The news hits you like a ton of bricks, if you’ve ever lived in the District of Columbia: Marion Barry passed away this morning at United Medical Center. Barry was a four-term mayor of the District of Columbia, and a four-time council member for Ward 8, with a career in DC politics spanning 35 years.
The contentious council member and former mayor was often a polarizing figure, censured for his actions with his constituent service fund, frequently in trouble with the IRS for failing to pay his taxes and with the city for failing to pay his parking tickets, he is best known for his six-month stint in prison related to a drug charge after a videotaped sting operation in the Vista Hotel on M Street (now a Westin Hotel).
Beyond those charges, and those misdeeds, it is impossible to ignore Barry’s humanitarian streak. His focus on jobs programs for youth brought the Summer Youth Employment Program to fruition during his first term – something many residents of the District say was their very first job. It is also impossible to ignore Barry’s time in the civil rights movement as a co-founder of Pride, Inc, which provided relief for those whose houses were destroyed in the 1968 riots, as well as job training and food for the poor.
It is sometimes impossible for me to resolve the Marion Barry of the civil rights movement and his focus on his constituents in Ward 8, with the Marion Barry of the Vista Hotel, the tax scofflaw, and council misconduct. The extremes for which Barry is known make him out to be larger than life, with impossible conflicts of character. No man better represented the constant fight between the better angels of our nature and our human flaws than did Marion Barry. He was a complicated figure who did much for many of the least of us, but couldn’t keep himself out of trouble.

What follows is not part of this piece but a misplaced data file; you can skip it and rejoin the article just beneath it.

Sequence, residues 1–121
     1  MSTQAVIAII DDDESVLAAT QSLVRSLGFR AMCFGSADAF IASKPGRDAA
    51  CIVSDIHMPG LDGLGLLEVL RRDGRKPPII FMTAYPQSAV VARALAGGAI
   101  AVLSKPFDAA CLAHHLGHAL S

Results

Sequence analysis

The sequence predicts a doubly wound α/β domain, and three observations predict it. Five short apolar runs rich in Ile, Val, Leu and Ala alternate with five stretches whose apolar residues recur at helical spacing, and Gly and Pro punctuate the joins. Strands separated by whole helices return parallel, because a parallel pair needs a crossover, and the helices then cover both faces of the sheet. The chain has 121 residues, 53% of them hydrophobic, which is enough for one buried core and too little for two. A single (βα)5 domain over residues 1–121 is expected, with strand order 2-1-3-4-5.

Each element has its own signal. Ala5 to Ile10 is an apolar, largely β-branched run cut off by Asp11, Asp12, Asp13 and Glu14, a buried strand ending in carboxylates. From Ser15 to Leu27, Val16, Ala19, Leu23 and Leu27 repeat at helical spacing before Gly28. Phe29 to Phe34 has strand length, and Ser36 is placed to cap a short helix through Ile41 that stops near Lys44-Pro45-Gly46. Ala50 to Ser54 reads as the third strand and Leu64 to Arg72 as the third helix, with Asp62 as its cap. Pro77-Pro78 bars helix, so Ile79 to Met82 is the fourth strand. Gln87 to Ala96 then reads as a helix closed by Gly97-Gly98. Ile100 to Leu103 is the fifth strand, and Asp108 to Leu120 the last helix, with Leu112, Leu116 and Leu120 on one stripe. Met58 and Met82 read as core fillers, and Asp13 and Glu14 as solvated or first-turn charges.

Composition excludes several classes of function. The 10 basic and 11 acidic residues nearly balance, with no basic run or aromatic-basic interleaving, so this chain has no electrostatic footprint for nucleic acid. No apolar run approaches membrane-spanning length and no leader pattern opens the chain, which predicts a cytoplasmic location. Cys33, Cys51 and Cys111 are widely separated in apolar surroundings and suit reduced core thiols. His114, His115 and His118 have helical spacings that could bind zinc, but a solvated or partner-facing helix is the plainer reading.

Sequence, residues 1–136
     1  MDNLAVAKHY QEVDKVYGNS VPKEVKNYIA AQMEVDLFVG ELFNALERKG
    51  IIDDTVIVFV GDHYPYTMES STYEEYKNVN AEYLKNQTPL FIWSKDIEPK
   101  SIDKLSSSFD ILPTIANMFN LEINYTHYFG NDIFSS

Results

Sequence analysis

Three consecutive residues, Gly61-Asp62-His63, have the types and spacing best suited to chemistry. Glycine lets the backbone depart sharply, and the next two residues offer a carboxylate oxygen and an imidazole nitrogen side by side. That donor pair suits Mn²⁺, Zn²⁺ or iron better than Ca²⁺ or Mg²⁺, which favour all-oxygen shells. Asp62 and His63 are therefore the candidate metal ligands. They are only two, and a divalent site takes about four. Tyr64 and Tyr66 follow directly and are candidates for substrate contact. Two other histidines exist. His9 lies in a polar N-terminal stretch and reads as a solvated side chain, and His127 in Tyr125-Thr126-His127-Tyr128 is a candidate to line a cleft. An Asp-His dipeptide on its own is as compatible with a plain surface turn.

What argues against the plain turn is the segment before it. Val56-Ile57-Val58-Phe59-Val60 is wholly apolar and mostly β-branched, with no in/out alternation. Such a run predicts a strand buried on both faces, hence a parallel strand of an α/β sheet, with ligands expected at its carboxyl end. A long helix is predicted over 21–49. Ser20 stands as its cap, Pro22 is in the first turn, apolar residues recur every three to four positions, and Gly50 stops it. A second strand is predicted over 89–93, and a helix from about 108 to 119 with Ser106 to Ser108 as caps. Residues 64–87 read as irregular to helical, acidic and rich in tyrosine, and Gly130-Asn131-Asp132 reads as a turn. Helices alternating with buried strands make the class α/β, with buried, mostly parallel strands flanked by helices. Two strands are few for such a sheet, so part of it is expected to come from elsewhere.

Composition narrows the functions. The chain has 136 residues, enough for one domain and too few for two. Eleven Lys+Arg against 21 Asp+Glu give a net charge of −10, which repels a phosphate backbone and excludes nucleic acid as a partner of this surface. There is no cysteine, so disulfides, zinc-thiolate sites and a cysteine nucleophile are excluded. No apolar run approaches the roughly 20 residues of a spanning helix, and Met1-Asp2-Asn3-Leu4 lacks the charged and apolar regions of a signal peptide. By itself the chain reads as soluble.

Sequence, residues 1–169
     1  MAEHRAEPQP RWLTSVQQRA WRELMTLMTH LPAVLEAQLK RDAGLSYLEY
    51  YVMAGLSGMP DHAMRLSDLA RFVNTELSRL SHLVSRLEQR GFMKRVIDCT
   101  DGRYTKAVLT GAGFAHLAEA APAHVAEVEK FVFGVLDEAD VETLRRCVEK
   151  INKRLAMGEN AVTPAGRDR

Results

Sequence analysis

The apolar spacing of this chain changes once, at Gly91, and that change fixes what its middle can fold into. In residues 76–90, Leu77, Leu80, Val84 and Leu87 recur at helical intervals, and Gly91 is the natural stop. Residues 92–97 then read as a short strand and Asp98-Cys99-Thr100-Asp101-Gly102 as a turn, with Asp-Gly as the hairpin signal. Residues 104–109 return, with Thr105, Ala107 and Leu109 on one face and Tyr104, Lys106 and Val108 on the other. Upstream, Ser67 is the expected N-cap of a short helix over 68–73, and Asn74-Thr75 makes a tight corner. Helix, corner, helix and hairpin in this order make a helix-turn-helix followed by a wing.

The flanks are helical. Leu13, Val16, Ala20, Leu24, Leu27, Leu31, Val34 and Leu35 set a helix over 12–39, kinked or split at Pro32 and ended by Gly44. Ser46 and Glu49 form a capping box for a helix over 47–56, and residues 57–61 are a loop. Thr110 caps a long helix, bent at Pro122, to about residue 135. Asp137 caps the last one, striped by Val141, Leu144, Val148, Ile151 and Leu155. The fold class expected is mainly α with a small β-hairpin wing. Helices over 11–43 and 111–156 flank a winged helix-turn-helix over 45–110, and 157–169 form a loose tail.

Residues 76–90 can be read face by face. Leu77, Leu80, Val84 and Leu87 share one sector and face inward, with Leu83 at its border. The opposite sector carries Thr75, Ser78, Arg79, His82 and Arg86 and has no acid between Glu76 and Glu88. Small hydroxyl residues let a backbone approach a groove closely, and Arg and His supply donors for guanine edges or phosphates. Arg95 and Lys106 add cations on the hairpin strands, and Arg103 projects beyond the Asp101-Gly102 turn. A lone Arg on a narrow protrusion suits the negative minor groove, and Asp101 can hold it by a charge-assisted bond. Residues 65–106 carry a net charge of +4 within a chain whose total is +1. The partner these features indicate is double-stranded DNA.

If while he was alive, Barry’s presence was a target for criticism from the rest of America – some would say the image of Senator Marion Barry was the single greatest argument against statehood for the District – in his passing, he gives one last gift, freeing the city from that association.
I visited the Wilson Building recently, to see some friends at Councilmember McDuffie’s office, and up on the fifth floor, just past the council chambers, is a set of standees made for the 40th anniversary of the Home Rule Act. There were a number of pictures I’d never seen before from the early days of the city’s new, more free period. In so many of them are a young and vibrant Marion Barry in his shirt-sleeves working on the city. I think I would’ve liked Barry better if that was the one I knew first, instead of the one that made the city into a series of jokes. Thankfully, those jokes are over now. I think that is one last gift he can give us all.
Rest in peace, Mr. Mayor.